Cartesian and polar coordinates library

I need to start working with cartesian and polar points, on a flat surface, nothing geospatial.

I have two beginner’s questions on this field, I prefer asking before rather than being sorry later on…

  • is there a library or wrapper you would recommend?

  • since what I have in mind involves a lot of rotations and translations, and afterward comparing points to be (approximately) equal, is ok to work with Double or a more configurable type like BigDecimal is a safer choice? It is not strictly a matter of precision, Double I think would be ok for that, but more related to the multiple transformations, I fear round-off errors creeping in.

Thank you in advance for your suggestions.


Spire might be a good fit. Spire: Readme and . I know they’ve done a lot of work with rational numbers for performance, and should have trigonometry functions.

Another option is to roll-your-own rational number case class with a pair of Ints or Longs. That’d save you from round-off error from Double without the work of BigDecimal, and still perform well. I did that for a bayesian network. I enjoyed be able to reason about fractions being equal; the code was a lot cleaner.

Hope that helps,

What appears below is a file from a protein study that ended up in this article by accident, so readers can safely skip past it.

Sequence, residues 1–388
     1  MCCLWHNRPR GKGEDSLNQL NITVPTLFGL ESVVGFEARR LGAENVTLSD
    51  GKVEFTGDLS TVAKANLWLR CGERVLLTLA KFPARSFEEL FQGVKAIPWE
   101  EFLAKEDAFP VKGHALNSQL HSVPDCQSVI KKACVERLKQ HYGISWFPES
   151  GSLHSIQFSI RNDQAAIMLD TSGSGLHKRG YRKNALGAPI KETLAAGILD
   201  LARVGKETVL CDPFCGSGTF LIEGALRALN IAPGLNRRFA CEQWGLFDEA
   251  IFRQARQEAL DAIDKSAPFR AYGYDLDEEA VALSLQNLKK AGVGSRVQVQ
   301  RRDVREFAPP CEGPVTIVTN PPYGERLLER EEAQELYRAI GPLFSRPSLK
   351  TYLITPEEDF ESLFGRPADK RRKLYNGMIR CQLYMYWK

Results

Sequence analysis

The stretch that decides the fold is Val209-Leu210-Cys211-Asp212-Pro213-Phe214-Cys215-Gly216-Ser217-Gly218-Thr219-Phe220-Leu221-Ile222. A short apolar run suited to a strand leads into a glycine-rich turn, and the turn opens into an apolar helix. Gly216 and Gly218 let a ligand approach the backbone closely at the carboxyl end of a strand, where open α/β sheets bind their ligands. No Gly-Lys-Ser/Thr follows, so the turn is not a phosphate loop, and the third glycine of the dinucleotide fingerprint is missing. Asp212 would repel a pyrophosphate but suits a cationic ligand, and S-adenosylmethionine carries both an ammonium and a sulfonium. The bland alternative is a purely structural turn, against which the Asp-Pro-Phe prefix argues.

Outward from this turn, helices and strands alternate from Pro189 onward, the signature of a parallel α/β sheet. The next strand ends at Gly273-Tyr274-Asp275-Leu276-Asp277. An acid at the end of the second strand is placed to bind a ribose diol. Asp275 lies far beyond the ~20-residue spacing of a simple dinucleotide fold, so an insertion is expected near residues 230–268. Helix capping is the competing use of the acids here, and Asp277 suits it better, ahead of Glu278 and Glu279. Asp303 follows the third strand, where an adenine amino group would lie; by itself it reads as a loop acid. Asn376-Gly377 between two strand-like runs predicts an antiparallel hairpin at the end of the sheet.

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Hello @dwalend thank you for your kind reply.

I am ruling out Spire for the time being since it has not (yet) a Scala3 version.

As for rational case class, that is an interesting tip, I need to better check if it makes sense in my scenario.

For the time being I started building on top of javaGeom which comes with configurable accuracy and a nice almostEquals method. Based on Double. I plan to test step by step if it is enough for my needs.


Mathematica has a very extensive coordinates library, including several coordinate systems you may not have used or even heard of. It also has several conversion routines, such as FromPolarCoordinates and ToPolarCoordinates. I use Mathematicca to develop and test algorithms extensively. Mathematica could also be used to test implementations of algorithms because it has a nice interface with Java: Just run the algorithm in some other language and then compare the results with the Mathematica implementation. There is almost no limit to the precision you can make Mathematica perform computations.